And so, after a somewhat terrifying week of midterms, I came to Starbucks with my laptop and wrote this post, drowning my sorrows in green tea and the Metropolitan Market’s delightful samosas as I introduced myself to you, dear reader.  Thus closes our tale of Midterm Madness, and begins the delightful, disastrous adventure of Daniel Wolfert as a LoggerBlogger…

Fun fact: there’s a parking lot here with more spots than there are cars on this island.

My first view of South Caicos - fresh off the plane, coming into the dock via ferry.  The locals were waiting to greet us - on an island this small, the School for Field Studies is a pretty big deal.

My first view of South Caicos – fresh off the plane, coming into the dock via ferry. The locals were waiting to greet us – on an island this small, the School for Field Studies is a pretty big deal.


I was sitting at my computer, trying to think of how to turn the past six salty weeks into a decently readable blog post, looking out past low stone walls to the flat and sparkling turquoise Caribbean Sea… and I realized that my time here is halfway over.  Which is kind of a sad way to start my first blog post, so I’ll go back to the beginning of this adventure and start there.


I began looking into study abroad programs last fall and, me being me, didn’t want to do any of the obvious things and go to London or Rome or Paris.  At first, thanks to Bill Bryson’s In a Sunburned Country, I wanted to go to Australia (I already go to school on the other side of the country from home, why not study abroad on the other side of the world?).  And then I found a better way to be obnoxiously atypical: I was going to do an intensive field research program, spending three months at a remote field station in a foreign country – as an English major.  Several visits with Puget Sound’s helpful International Affairs Office staff, seven months, and lots of expenses later, I found myself getting off a delayed flight in the Charlotte airport with four minutes to change terminals and make my connecting international flight to the Turks and Caicos Islands (TCI), British West Indies, Caribbean.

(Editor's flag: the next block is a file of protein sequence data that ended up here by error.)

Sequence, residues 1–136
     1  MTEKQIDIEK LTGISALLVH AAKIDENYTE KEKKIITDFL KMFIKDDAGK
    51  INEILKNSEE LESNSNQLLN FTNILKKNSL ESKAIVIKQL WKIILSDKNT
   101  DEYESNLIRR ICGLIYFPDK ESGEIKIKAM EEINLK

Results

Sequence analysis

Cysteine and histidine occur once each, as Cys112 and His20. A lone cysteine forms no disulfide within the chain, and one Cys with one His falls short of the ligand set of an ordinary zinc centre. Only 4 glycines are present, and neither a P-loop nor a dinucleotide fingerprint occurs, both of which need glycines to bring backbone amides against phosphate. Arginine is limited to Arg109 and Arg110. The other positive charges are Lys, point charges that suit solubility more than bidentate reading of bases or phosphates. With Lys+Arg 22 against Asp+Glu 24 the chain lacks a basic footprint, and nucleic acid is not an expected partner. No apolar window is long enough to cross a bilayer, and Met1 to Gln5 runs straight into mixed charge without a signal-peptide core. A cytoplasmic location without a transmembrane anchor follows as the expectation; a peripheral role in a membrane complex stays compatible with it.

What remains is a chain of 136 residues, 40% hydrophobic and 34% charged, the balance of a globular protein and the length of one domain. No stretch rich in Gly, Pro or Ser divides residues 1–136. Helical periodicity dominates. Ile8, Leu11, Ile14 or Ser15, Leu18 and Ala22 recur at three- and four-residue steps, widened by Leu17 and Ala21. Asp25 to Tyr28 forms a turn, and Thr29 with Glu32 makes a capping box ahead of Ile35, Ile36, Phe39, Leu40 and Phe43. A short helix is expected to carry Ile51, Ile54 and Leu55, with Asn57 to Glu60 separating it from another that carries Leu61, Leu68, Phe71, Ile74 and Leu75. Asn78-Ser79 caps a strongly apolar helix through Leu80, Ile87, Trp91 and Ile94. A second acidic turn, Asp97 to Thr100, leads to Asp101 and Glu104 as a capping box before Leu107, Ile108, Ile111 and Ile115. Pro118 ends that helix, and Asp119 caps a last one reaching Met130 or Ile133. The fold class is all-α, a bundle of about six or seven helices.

And now here I am on South Caicos, taking part in the School for Field Studies (SFS) Marine Resource Management program.  In the months leading up to my departure, my dad would tell people that when Columbus came across the Atlantic he saw the Turks and Caicos Islands, said “Nah, that doesn’t count as land,” and continued on to Hispaniola.  South Caicos, sometimes called The Big South, is a whopping eight square miles with about 1,200 residents.  The small airport’s runway is half of the island’s width.  There is one doctor here (which is one doctor more than some other islands have), an elementary school and high school, fourteen churches, a store called Tasha’s Ice Cream and Toiletries that sells ice cream for a dollar a scoop, and one functioning hotel that must survive off of SFS students going there for drinks and conch fritters because South is not exactly a tourist destination.


And what have I done with my time in this luxurious tropical paradise?  I’ve memorized the scientific names of one hundred and twenty-four marine organisms, gotten Advanced Open Water SCUBA certified, sniffed the glorious fragrance of the Salinas (as well as the magnificent perfume of the fish plants, which overtook the salt industry in 1960), helped local third-graders in their composition class, caught two sharks and zero turtles (in the name of science!), been stung by fire coral, seen the spectacular wall of coral at the nearby seven thousand foot drop-off from lagoon to open ocean, tried conch fritters, been chased by local “potcake” dogs, and taken a grand total of two freshwater showers.


Tomorrow, the SFS students and some faculty will leave South and travel to North Caicos, where we will be camping for two nights – let the record show that bug spray here is $9.25 a bottle and life is hard – before heading to Providenciales, or Provo, and splitting up for our mid-semester break.  I’ve been looking forward to this for months.  Not because of the break from classes or the new dining opportunities or the tourist attractions.  Not for the change of scenery.  Not because I set up a home-stay and get to volunteer at a church there – although I am excited about that.  Not even for the existence of showers and washing machines.  I’ve been looking forward to going to Provo so that I can post it on Facebook, elicit a reply from various friends and acquaintances in Provo, Utah, and then leave them with the triumphant response: “I’M IN THE CARIBBEAN – WRONG PROVO, SUCKERS!”